In July 2007, Ellsworth designated $2 million to extend the John T. Myers lock chamber on the Ohio River and $750,000 for manufacturing and engineering equipment for the University of Southern Indiana. Two other projects Ellsworth brought to southwestern Indiana were the construction of a campus perimeter road system at USI for $350,000 and a portion of University Parkway construction also at $350,000.

Smaller projects for which Ellsworth gained House approval include $200,000 to restore Evansville’s Alhambra Theater, $135,000 for emergency warning sirens in Vanderburgh County and $75,000 to train utility workers at Ivy Tech Community College.

LGBT issues

In April 2009, Ellsworth voted against the Matthew Shepard and James Byrd, Jr. Hate Crimes Prevention Act.

Committee assignments
Committee on Agriculture
Subcommittee on Conservation, Credit, Energy, and Research
Subcommittee on General Farm Commodities and Risk Management
Committee on Armed Services
Subcommittee on Seapower and Expeditionary Forces
Subcommittee on Terrorism and Unconventional Threats
Committee on Small Business
Subcommittee on Contracting and Technology
Subcommittee on Investigations and Oversight
Political campaigns

Parade for Ellsworth

As of June 30, 2006, Hostettler had raised $287,000 and had $195,000 on hand, compared to Ellsworth’s $1,036,000 raised and $676,000 on hand. However, Hostettler had won campaigns in the past against opponents with more funding. In addition, the National Republican Congressional Committee had spent $163,000 in his district as of mid-July 2006. (The DCCC, its counterpart, had spent $166,000 for Ellsworth as of that date.)

The Cook Political Report, an independent non-partisan newsletter, listed the race as a toss-up as of mid-August. As of early September, the Rothenberg Political Report called Hostettler one of the three most endangered House incumbents in the country; Chris Cillizza, political analyst for The Washington Post, ranked Hostettler as the most vulnerable House incumbent in the nation; and Robert D. Novak, a syndicated columnist and editor of the Evans-Novak Political Report, also rated Hostettler’s seat a likely win for Ellsworth.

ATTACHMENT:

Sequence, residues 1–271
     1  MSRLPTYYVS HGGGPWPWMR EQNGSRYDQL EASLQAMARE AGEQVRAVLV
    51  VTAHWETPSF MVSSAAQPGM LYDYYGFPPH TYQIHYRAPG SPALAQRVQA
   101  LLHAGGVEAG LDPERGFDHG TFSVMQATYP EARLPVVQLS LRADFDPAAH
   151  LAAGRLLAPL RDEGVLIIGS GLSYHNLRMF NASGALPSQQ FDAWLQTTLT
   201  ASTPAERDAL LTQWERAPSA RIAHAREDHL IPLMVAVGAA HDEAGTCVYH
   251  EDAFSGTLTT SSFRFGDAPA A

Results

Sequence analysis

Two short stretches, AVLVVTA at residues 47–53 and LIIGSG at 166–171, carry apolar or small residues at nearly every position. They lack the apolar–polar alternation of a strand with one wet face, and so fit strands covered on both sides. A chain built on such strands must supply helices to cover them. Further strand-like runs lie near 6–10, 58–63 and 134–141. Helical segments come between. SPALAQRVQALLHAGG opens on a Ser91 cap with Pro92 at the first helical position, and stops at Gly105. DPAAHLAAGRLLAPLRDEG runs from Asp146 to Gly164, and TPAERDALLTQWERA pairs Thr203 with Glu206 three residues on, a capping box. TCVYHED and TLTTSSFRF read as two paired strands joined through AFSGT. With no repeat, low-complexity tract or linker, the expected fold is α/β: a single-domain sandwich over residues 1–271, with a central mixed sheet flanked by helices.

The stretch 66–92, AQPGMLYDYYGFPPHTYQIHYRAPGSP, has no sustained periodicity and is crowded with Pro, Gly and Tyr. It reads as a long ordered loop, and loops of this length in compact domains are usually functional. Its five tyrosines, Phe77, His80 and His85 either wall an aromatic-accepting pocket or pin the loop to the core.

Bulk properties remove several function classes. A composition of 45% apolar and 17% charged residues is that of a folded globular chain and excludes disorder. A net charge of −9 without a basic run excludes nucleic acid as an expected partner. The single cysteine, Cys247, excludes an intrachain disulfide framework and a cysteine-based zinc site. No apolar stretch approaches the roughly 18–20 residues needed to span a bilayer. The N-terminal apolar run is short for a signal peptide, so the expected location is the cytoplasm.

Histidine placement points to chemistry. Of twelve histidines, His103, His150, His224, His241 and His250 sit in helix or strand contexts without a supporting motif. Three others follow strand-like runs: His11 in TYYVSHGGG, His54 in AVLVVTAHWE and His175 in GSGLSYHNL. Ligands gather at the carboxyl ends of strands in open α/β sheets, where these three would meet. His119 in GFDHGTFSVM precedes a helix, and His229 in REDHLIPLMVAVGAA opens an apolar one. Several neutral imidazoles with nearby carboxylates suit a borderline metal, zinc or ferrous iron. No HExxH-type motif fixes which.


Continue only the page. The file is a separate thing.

In mid-October, an opinion poll commissioned by the Evansville Courier & Press showed Ellsworth leading Hostettler, 55% to 32%.

Hostettler debated Ellsworth on October 23, 2006. The debate was at public television station WVUT at Vincennes University, and involved the League of Women Voters.

Ellsworth scored a landslide victory over Hostettler on November 7, 2006. He took 61% of the vote to Hostettler’s 39% – by far the most lopsided defeat for an incumbent in the 2006 election. Ellsworth’s victory was the first of 30 seats that the Democrats took from the Republicans in the cycle.


Two years later, on November 4, 2008, Ellsworth won reelection, easily defeating Republican candidate Greg Goode 65% to 35%.

2010 U.S. Senate campaign

On February 19, 2010, Ellsworth announced his candidacy in the 2010 U.S. Senate election for the seat in the United States Senate held by Democrat Evan Bayh, who was retiring.  Since Bayh made his announcement the day before the deadline for filing for the primary, no Democrat was able to gather a sufficient number of signatures to qualify for the primary ballot, forcing the Democratic state committee to choose the Senate nominee. Ultimately, the committee chose Ellsworth.

He was defeated in the November election by Dan Coats, who had previously held the seat from 1989 to 1999, taking 40 percent of the vote. Ellsworth even lost his own congressional district; he only carried two counties in that district, Vigo (home to Terre Haute) and Vanderburgh.

Following his defeat, Ellsworth joined Evansville-based Vectren Corp. as president of its Indiana gas utility division.